LandRules is made up of three distinct parts, which led to some rather challenging coding. First, we have our smart contracts on the blockchain. We used the blockchain in our application because it serves as a decentralized ledger that helps ensure the transparency of all deeds in a given area. Our smart contracts store and interact with the most important parts of the data, and alert users if data tampering is suspected. Second, we had a Node.js server to act as an intermediary between the blockchain and the front-end. Through our experience, we found using a Node.js server improved speed and reliability. Third, we have a React app, so that ordinary citizens can request notary checks and view their deeds. Furthermore, our React app allows government officials to easily approve or deny deed requests and transfers.

Challenges we ran into

Our challenges were mostly technical in nature. We found the blockchain, even after six years of development, still difficult to develop with. As it is a new technology, there is little documentation on its use. Similarly, the TypingDNA API, being an extremely new product, had some behavioral quirks that our application had to work around

We also experienced challenges in regards to scaling our product. For example, one security feature included checking other deeds to make sure that the land a deed was claiming was not already part of another deed. At larger scales, this would involve checking through thousands of deeds, which was clearly impractical. However, we optimized our sorting algorithm so that only the deeds closest to the new deed would be checked, which increased computational speed by many times.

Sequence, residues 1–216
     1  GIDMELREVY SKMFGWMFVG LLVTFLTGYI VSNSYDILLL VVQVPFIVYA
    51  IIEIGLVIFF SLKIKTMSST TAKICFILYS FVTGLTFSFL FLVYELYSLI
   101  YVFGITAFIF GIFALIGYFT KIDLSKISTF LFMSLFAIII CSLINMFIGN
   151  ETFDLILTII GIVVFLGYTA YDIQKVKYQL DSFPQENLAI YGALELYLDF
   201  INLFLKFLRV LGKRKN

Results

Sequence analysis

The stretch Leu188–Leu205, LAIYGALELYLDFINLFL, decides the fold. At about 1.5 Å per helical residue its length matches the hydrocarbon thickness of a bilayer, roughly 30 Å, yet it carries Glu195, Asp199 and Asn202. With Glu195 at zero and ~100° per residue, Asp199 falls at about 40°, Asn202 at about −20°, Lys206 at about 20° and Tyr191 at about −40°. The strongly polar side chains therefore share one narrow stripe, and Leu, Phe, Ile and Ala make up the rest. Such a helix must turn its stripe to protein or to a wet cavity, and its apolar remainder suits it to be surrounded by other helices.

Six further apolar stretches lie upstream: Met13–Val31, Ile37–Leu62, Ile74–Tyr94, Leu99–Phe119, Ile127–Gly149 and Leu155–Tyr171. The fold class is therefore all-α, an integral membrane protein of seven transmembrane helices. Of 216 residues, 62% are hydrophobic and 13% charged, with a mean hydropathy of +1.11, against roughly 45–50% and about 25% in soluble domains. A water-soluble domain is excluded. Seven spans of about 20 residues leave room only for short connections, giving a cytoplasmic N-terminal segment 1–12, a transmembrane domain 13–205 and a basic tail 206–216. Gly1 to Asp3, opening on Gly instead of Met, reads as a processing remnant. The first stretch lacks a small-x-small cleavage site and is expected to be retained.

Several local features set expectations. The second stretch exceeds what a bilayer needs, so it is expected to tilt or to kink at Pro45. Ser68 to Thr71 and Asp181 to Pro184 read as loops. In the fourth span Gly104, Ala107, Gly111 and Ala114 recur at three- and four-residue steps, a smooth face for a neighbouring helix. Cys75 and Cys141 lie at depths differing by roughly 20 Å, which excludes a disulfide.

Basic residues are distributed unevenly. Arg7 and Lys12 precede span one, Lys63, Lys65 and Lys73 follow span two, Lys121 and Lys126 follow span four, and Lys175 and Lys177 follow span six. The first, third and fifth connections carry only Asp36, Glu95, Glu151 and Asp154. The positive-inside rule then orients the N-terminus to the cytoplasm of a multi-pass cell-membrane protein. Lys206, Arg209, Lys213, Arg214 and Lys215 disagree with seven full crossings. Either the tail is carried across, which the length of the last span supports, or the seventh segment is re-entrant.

Accomplishments that we're proud of

We are proud to have a working product within one week of forming the idea. At first, I didn’t even think that we could pull together three different coding platforms, along with the design elements. But now, I can proudly say that we have made something that can help people in developing nations. Furthermore, many of us had never worked with so many teammates before. Throughout the entire process, we collaborated, communicated as a team, and stuck to a plan. Although we experienced unexpected bugs and git errors, every time we hit a problem, we regrouped, fixed the issue, and continued working.